I'd guess that first results can be expected in a few months' time. I don't know a single freelancer who was buried under an avalanche of jobs the first day s/he emerged on the Internet. It takes time to get oneself established. and jumping to conclusions after only a few weeks or even months would be unreasonable.

Every strategy is good and none guarantees success if it's not supported by knowledge, experience and reliability. Your CV shows you've been in tourism for quite a while; at the same time. there's hardly anything that proves your translation experience - not to metion "Website & Software translation, Marketing, Business, Technical Translation". Focus on that - maybe that's the "big no-no"?

Cheers,
Oleg


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John Rawlins  Identity Verified
Spain
Local time: 04:54
Spanish to English
+ ...
Why agencies? Jan 10, 2008

Clients will pay much more and are generally easier to contact - I am sure there are many companies in your own city that would be happy to contract you directly. Just knock on the door or ring'em.

PS. Have a good presentation ready!


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xxxSilkeE
Local time: 13:54
English to German
TOPIC STARTER
Thanks! Jan 10, 2008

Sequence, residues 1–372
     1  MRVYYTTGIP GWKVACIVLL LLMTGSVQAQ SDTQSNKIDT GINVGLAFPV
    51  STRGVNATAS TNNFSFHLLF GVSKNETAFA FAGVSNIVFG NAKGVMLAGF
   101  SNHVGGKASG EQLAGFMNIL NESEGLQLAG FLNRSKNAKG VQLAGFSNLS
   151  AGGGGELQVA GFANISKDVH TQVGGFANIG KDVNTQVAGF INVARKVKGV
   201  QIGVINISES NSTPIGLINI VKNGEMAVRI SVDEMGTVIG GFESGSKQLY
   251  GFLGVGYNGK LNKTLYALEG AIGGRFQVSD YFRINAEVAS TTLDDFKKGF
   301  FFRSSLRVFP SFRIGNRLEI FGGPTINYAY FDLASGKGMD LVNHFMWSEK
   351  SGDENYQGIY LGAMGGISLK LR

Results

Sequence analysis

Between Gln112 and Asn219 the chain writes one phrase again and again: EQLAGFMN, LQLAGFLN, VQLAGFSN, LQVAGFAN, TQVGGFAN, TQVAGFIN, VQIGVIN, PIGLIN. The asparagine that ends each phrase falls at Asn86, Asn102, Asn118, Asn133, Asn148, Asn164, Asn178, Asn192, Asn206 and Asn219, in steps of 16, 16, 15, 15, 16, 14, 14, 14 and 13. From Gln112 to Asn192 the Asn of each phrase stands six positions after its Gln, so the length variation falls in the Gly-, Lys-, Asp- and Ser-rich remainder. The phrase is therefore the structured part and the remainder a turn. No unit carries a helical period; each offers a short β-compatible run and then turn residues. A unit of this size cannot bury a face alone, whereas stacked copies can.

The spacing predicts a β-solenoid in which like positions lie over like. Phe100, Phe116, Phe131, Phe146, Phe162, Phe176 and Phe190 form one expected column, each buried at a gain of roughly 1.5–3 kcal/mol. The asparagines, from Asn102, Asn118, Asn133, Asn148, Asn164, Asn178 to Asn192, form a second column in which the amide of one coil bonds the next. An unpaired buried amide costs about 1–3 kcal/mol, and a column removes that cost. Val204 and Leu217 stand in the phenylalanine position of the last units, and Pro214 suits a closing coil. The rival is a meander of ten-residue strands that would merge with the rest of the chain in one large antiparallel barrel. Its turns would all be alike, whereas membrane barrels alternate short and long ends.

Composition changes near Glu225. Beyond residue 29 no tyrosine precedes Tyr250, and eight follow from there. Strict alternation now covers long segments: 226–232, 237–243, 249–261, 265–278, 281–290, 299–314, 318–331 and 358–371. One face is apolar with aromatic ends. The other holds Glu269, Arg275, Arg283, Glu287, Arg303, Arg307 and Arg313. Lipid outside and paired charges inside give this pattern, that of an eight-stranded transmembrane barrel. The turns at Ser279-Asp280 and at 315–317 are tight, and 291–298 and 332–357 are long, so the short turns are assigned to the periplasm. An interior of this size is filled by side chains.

Hi all,

Many thanks for your responses. I am aware I can't expect people flooding me with job offers after just a couple of days on the surface. All I wanted to do was to make sure that I am doing the right thing and that I am not blacklisting myself with agencies around the globe by doing something completely silly.
It's certainly interesting to read how high (or rather how low) the response rate from agencies is. It was what I suspected but I just wasn't sure if it means that my application was dimissed right from the start or if your general experience is that this can still turn into a job in the future.
I do have some professional translation experience as an in-house translator, also website translation, when working for an online travel company. The texts I dealt with were mainly marketing based. Your responses show me I need to adjust my resume to make this clearer, also why I am listing my other areas of expertise.